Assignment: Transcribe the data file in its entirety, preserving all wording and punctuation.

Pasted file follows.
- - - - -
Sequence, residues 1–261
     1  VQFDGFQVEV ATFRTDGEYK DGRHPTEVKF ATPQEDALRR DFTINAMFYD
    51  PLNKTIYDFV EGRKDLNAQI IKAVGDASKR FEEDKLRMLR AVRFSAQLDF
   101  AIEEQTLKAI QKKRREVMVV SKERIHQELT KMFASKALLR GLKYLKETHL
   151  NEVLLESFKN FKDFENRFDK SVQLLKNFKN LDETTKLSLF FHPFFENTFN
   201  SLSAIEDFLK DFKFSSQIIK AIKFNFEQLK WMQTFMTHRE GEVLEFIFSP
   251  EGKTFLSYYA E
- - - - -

Sequence, residues 1–261
     1  VQFDGFQVEV ATFRTDGEYK DGRHPTEVKF ATPQEDALRR DFTINAMFYD
    51  PLNKTIYDFV EGRKDLNAQI IKAVGDASKR FEEDKLRMLR AVRFSAQLDF
   101  AIEEQTLKAI QKKRREVMVV SKERIHQELT KMFASKALLR GLKYLKETHL
   151  NEVLLESFKN FKDFENRFDK SVQLLKNFKN LDETTKLSLF FHPFFENTFN
   201  SLSAIEDFLK DFKFSSQIIK AIKFNFEQLK WMQTFMTHRE GEVLEFIFSP
   251  EGKTFLSYYA E